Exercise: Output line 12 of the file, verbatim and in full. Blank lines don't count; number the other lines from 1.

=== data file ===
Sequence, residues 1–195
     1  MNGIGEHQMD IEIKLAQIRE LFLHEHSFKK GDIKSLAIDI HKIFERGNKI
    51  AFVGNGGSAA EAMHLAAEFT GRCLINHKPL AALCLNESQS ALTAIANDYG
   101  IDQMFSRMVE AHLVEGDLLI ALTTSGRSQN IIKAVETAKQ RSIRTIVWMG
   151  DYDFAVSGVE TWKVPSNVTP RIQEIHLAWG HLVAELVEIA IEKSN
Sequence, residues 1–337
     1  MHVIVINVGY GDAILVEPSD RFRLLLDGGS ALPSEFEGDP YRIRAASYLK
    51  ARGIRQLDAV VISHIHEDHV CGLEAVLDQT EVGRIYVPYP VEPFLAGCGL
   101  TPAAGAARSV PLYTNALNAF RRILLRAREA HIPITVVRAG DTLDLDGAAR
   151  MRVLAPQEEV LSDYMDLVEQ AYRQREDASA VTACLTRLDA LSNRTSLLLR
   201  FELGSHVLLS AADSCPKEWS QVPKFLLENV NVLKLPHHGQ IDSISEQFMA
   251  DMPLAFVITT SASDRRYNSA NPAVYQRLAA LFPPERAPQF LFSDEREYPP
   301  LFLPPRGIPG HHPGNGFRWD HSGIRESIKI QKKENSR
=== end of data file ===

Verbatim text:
   251  DMPLAFVITT SASDRRYNSA NPAVYQRLAA LFPPERAPQF LFSDEREYPP